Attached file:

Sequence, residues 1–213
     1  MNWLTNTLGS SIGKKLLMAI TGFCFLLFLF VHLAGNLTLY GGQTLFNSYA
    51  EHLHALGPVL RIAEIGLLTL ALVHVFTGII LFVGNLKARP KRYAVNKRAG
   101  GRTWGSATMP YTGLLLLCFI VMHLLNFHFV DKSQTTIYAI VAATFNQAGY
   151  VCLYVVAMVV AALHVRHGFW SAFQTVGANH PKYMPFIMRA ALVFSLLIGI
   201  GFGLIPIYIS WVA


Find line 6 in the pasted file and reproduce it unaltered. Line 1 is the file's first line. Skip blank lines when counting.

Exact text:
   201  GFGLIPIYIS WVA